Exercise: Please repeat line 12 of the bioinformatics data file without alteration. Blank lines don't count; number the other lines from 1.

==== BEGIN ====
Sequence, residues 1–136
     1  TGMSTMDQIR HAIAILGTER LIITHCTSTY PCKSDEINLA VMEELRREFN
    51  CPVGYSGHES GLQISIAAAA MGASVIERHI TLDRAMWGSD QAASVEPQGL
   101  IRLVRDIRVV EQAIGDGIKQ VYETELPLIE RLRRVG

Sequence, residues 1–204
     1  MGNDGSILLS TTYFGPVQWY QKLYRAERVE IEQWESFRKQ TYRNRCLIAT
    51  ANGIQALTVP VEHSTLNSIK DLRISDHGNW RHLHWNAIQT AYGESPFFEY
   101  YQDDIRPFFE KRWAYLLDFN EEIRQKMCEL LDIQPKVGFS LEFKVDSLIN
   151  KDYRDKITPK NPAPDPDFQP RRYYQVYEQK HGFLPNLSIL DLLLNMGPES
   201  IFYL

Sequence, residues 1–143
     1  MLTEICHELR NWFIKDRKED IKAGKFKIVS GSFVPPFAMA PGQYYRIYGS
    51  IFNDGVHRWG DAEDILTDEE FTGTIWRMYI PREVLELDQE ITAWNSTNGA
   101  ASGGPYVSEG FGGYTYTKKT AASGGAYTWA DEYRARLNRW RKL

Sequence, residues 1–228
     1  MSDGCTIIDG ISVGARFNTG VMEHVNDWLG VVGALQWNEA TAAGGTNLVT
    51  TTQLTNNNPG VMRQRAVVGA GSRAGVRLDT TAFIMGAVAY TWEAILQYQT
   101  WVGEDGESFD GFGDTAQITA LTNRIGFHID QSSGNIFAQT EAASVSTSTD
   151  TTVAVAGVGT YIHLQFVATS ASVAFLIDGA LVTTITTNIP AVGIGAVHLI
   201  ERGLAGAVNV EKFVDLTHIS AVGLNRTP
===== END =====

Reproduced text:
     1  MLTEICHELR NWFIKDRKED IKAGKFKIVS GSFVPPFAMA PGQYYRIYGS